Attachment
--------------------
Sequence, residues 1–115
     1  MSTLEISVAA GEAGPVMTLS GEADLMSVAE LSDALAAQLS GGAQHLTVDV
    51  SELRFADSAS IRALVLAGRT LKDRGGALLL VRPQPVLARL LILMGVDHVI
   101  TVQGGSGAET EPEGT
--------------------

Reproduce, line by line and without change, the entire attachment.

Sequence, residues 1–115
     1  MSTLEISVAA GEAGPVMTLS GEADLMSVAE LSDALAAQLS GGAQHLTVDV
    51  SELRFADSAS IRALVLAGRT LKDRGGALLL VRPQPVLARL LILMGVDHVI
   101  TVQGGSGAET EPEGT